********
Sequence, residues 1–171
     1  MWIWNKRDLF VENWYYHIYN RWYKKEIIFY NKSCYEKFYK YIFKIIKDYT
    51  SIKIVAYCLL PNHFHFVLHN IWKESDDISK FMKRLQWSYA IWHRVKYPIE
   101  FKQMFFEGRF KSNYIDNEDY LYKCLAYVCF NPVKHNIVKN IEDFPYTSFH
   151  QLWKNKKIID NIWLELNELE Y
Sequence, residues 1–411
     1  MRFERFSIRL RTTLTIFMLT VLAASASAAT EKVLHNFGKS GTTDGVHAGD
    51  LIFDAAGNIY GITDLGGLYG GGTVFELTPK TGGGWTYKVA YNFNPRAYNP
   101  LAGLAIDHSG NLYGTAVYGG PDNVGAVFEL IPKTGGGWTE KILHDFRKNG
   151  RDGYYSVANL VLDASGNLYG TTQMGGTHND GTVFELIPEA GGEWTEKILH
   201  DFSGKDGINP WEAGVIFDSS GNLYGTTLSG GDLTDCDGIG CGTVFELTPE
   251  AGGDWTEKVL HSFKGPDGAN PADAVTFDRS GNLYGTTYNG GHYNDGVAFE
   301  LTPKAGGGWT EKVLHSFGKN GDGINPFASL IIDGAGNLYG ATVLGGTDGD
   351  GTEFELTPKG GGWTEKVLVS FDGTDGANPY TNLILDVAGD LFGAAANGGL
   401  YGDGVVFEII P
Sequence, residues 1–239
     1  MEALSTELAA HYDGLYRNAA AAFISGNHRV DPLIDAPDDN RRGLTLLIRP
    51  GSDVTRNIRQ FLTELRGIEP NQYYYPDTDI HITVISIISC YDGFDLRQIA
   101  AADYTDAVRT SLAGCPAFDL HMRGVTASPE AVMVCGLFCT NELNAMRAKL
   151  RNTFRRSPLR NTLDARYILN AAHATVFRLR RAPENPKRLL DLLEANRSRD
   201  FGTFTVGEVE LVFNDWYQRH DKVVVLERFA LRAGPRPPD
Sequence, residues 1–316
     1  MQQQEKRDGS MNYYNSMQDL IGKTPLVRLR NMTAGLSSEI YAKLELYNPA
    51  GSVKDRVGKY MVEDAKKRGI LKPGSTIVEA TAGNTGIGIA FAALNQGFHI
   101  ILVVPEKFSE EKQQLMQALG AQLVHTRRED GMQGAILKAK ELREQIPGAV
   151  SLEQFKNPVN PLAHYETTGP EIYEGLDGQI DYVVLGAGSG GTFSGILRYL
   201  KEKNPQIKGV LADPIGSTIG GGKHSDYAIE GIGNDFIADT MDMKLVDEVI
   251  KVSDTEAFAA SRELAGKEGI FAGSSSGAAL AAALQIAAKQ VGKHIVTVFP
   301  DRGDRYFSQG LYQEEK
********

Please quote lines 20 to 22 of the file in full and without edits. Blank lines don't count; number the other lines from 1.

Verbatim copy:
   151  RNTFRRSPLR NTLDARYILN AAHATVFRLR RAPENPKRLL DLLEANRSRD
   201  FGTFTVGEVE LVFNDWYQRH DKVVVLERFA LRAGPRPPD
Sequence, residues 1–316